It seems everyone is talking about life coaching – at times it can feel that if you haven’t currently got a life coach, you must already be one! But it is a role that appears greatly misunderstood. Neither psychiatrist, psychologist, sociologist, nor counsellor, yet somehow a blend of all. Sounds like there’s more to this than we knew. So, we asked life coach Celine Akkary to give us her take on what life coaching is – what it offers her clients, and what the role demands from her.

I’ve always found it amusing that the ceremony in which degrees and diplomas are handed out to high-school and university students as they reach the finish line is called a “commencement”. And yet here I am, as a life coach, trying to at least start – commence – somewhere by defining ‘Life Coaching’ to you.

Where to begin? I’ll start by talking about Canadian actor, Stephen Amell – perhaps better known to you as the bow-wielding, crime-fighting vigilante Oliver Queen (a.k.a Green Arrow) in the series Arrow. He’s also known for his good looks and a stunning six-pack.

If you’ve heard of Arrow, you’ll know that the series revolves around the spoiled billionaire playboy Oliver Queen. The premise is that he goes missing and, when his yacht is lost at sea, is presumed dead… only for him to return home five years later determined to become a better man, a beacon of hope, a hero. Well, wouldn’t we all?

So, why exactly am I focusing on Oliver Queen, or the Green Arrow, in a wellness feature designed to introduce ‘Life Coaching’?

The thing is, serendipity is a very funny thing, and finding something where you least expect it, out of the blue and, in this case, in a Netflix series awash with uninspiring dialogue and unrealistic action scenes, is something guaranteed to jolt the senses. For me, it came in the form of a line so profound it detonated inside my brain, prompting me to pause and reflect.

“This, this is it, who I am, what I do.” Oliver Queen, Arrow

In essence, this is life coaching’s core operating model – helping clients through the client learning and being processes which lead to smart action taking towards any given goal.

The International Coach Federation (ICF) defines life coaching as partnering with a client in a thought-provoking and creative process that inspires them to maximize their personal and professional potential. A life coach literally helps people increase self-awareness, generate learning, as well as identify and accomplish meaningful goals.

The world has managed without life coaches thus far, so, you might ask, what is it about modern life that means we may need a life coach now?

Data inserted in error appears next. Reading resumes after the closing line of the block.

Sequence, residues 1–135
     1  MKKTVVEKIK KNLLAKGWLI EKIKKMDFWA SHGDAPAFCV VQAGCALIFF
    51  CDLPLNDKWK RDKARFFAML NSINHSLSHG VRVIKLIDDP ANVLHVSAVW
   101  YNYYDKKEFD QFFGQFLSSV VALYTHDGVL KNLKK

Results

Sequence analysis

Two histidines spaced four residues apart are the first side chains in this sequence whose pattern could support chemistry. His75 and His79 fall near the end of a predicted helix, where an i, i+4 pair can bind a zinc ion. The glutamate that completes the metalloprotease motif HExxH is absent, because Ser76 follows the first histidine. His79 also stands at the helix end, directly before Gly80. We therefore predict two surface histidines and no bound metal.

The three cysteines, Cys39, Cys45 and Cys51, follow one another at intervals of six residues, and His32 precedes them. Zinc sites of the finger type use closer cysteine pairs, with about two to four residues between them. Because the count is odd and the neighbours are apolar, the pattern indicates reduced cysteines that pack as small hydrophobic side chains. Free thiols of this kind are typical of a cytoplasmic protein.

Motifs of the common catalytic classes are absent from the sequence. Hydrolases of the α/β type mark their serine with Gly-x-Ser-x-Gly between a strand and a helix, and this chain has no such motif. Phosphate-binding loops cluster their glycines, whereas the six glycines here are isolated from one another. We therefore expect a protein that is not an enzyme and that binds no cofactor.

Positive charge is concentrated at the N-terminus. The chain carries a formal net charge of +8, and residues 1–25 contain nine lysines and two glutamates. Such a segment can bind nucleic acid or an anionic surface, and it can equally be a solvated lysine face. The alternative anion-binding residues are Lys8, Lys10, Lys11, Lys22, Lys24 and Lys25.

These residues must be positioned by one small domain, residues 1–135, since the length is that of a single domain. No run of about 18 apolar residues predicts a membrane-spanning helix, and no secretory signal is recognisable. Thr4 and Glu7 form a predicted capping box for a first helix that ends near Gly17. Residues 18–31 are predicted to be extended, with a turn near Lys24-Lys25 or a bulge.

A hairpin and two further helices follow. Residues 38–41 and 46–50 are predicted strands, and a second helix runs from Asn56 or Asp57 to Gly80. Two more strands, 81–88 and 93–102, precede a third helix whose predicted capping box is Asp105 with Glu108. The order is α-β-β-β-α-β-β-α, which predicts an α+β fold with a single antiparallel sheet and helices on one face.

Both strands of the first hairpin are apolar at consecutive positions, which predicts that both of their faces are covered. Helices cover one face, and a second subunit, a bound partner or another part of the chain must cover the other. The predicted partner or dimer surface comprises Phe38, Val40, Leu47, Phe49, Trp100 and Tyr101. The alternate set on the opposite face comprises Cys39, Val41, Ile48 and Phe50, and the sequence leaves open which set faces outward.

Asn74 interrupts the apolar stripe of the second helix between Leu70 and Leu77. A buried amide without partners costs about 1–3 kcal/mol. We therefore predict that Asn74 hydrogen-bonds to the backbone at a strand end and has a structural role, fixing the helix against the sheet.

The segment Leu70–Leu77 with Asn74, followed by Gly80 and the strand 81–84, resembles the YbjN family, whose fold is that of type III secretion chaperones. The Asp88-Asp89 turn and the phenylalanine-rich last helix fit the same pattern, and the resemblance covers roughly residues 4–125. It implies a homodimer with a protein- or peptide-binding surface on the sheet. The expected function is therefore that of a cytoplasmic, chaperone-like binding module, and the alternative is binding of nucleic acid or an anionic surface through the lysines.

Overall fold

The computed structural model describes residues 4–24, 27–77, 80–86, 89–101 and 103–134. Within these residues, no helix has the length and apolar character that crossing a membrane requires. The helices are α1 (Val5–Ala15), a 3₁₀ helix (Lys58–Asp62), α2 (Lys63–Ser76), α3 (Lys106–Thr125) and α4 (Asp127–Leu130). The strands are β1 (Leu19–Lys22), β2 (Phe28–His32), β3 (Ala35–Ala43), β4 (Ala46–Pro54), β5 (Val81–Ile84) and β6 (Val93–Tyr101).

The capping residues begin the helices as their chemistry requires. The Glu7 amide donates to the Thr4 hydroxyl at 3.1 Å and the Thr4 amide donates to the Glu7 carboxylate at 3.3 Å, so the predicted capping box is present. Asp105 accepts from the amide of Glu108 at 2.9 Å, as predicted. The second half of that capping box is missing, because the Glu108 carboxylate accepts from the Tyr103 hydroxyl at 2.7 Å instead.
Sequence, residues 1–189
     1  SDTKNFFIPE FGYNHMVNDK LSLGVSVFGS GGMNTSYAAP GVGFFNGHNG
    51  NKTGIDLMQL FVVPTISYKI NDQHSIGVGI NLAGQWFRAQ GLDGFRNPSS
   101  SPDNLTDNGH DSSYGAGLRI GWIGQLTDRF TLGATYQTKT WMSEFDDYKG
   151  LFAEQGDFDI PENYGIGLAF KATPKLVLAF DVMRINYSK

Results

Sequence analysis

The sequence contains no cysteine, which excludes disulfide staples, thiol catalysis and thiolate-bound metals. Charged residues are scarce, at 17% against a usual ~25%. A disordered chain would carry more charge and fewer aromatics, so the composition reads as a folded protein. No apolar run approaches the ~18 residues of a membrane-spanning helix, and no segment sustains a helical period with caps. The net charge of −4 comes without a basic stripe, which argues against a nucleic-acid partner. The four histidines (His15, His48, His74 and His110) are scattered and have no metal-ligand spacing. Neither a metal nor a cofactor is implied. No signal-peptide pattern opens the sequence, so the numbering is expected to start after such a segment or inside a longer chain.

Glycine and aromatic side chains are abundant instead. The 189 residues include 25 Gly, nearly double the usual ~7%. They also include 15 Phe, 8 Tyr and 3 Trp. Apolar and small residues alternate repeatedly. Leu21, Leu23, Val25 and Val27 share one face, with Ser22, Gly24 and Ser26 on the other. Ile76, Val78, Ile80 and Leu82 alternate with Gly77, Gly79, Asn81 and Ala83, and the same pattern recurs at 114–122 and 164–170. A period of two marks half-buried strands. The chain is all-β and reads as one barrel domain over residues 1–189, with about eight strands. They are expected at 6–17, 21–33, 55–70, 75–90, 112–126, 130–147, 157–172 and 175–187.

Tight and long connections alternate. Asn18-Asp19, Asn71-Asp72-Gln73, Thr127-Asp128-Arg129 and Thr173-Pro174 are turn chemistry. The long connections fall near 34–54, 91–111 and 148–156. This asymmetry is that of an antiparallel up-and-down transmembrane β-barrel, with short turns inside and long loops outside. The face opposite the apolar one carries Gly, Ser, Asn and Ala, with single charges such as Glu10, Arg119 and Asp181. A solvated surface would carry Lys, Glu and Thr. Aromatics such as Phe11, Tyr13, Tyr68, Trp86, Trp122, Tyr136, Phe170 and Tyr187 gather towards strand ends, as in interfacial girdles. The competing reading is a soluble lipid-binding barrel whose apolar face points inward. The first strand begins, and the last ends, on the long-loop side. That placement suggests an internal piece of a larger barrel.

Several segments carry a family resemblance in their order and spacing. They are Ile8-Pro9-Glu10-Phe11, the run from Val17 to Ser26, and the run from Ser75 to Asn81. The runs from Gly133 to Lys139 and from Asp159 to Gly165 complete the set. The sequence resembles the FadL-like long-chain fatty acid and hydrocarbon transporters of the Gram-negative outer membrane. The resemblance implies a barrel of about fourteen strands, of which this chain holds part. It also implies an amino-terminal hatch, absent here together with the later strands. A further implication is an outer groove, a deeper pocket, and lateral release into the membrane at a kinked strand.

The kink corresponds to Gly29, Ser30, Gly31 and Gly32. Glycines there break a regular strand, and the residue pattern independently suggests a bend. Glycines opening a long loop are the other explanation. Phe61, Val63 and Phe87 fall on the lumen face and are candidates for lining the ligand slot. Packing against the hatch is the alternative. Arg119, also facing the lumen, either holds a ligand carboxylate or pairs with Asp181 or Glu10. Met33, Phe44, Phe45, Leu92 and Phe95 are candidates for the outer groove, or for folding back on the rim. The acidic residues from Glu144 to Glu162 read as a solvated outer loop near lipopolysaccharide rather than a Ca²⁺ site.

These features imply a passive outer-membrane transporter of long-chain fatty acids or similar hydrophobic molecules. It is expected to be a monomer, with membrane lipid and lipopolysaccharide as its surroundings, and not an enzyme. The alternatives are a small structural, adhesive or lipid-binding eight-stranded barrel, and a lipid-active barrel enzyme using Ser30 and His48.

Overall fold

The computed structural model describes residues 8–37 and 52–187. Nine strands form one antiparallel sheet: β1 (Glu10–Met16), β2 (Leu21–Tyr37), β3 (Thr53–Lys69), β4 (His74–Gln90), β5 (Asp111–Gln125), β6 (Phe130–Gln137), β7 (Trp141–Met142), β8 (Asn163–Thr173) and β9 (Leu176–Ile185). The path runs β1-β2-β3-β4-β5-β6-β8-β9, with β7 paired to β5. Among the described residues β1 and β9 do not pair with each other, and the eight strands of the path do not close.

The answer is simple.

Since the beginnings of civilization, humans have sought enlightenment, understanding, knowledge and self-betterment. Life coaching, while still relatively new as a profession, is a combination of business and sports coaching techniques and tools designed to bring out such learning, knowledge and betterment across all areas of a client’s life.

While we may not be on the set of one of Netflix’s most popular series, nonetheless we are the main actors in our own lives. For each of us building a solid, objective support system that makes this growth possible is essential. For some, this support may come in the form of a life coach, for others it may be a mentor or a therapist.

While mentoring aims to link someone in a specific craft with someone who’s already skilled at it, and therapy offers diagnosis and focuses on the past to heal certain traumatic experiences, coaching focuses on the future that the client desires, and uses a proactive, forward-thinking approach in getting there.

For a life coach to be effective in helping clients realize their full potential and achieve their goals, it is essential to adopt an open and curious mind – one that avoids judgement and embraces the idea that the client is naturally resourceful.

Inspired? You should be.

Now, before you coach up, here’s the International Coach Federation’s checklist to consider:

  • Do your homework. Educate yourself about what coaching is, what it isn’t and what the coaching process entails.
  • Reflect on your goals and objectives. Summarize what you expect to accomplish by partnering with a coach. With a clear idea of your desired outcomes, you can better choose a coach practitioner who is well-equipped to help you develop a strategy for achieving them.
  • Interview at least three coaches. Ask each coach about his or her experience, skills and qualifications, and request at least two references. Coaching is an important relationship, so look for a personal connection between you and the coach you choose.
  • Confirm credibility. Research each coach’s training, professional memberships and credentials.

Reach out to Celine through here